Night of the living bores: The overuse of zombies in video games
Even though video games weren’t around in 1968, the echoes of a certain film by one George A Romero would have such a large amount of influence over the next forty five years of popular culture that he could have sued numerous books, movies and eventually video games for stealing his intellectual property. In one fell swoop, Romero seemed to have established the modus operandi for all stories involving reanimated corpses. They eat human flesh, they are stupider than a bag of hammers, they usually shamble at less than walking pace and they often travel about in huge fucking numbers. The film I am talking about, of course, is the highly influential Night Of The Living Dead.
Romero had undoubtedly created something special with his film. There is just something about the primal nature and simplicity of zombies as an adversary that is infinitely engaging to audiences all over the world. To all intents and purposes they look like people, but they have been completely robbed of their humanity. The stories written about them often involve mild mannered husbands rising from their graves to dine upon the flesh of their pleading wives and children. It can be incredibly shocking from a moral point of view, and yet incredibly engaging from a sociological one. As I have said before, people love the idea of dystopia even more than utopia. The thought of the cataclysmic collapse of societal order in favour of a Darwinian “survival of the fittest” mentality just appeals to our imaginations and – more importantly – it makes for one hell of a video game premise.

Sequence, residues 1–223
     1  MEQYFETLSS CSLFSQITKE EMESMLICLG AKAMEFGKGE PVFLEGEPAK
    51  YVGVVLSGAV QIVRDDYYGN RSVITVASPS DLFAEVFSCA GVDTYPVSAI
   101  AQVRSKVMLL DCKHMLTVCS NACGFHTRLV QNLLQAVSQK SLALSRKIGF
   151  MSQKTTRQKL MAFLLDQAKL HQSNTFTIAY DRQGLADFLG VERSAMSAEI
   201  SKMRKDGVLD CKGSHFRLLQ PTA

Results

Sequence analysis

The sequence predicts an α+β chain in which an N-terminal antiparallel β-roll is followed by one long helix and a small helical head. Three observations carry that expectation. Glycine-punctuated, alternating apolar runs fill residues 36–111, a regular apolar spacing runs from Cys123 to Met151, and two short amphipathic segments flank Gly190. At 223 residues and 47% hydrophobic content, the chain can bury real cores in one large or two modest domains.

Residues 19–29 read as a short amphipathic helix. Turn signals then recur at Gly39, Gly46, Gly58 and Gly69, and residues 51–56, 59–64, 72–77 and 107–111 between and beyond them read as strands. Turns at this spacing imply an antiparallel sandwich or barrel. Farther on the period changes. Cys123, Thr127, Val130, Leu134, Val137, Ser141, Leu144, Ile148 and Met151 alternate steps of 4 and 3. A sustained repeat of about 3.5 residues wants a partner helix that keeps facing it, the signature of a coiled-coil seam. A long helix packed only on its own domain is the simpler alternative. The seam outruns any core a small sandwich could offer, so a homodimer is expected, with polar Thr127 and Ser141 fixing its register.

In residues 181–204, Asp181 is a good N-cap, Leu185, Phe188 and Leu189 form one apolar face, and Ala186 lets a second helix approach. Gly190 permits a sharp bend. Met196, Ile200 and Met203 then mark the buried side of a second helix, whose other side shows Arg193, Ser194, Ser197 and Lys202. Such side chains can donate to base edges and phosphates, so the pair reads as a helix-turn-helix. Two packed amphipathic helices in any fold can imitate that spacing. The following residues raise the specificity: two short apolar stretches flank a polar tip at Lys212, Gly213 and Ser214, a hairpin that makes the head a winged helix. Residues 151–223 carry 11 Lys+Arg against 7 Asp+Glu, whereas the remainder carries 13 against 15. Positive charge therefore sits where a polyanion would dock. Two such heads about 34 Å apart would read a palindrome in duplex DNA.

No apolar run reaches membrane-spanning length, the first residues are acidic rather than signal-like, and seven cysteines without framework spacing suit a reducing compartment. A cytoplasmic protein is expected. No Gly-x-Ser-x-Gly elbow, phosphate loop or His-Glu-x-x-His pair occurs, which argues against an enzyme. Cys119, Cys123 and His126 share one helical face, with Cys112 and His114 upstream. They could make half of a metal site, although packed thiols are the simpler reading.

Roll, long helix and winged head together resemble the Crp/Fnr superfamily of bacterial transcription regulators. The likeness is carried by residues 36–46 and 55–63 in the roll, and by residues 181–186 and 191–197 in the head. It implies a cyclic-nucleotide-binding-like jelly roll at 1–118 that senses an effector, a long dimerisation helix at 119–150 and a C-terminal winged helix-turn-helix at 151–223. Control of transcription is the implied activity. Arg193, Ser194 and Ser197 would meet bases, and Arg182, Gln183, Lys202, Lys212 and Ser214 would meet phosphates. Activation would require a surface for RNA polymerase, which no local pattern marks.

It is such a good premise, in fact, that games designers have been cashing in on it for ages. The zombie game has just been done to death, if you’ll excuse the pun. It’s everywhere you look these days from the tacked on FPS zombie shooting modes of Call Of Duty to the supposedly “shocking” tourist hacking of Dead Island: Riptide. Even though it garnered quite a lot of positive critical reception, I even found the recent indie game Deadlight to be a pretty but essentially boring game that had none of the tense desperation or creeping dread that usually comes with the territory. In many cases, these games feel like rushed and hackneyed interpretations of George A Romero’s masterpiece instead of homages created by fans of the genre. A cynical person could even say that many are shameless cash-ins designed to pique our interests and prey upon our natural curiosity with the undead. I’m afraid I am one of these cynical people.
It’s a realisation that has crept up on me like a peckish cadaver in search of a midnight snack, but many zombie games are in need of a serious overhaul. My own love of the genre is undoubtedly the cause of this oversight. A part of me just really wants to be entertained by these games in a similar way that films like 28 Days Later, Shawn Of The Dead and Dawn Of The Dead have entertained me in the past. It is quite understandable to hold out hope, but it’s slightly worrying when you consider that the past six months alone have seen the release of two highly anticipated but seriously sub-par zombie games with ZombiU and Resident Evil 6.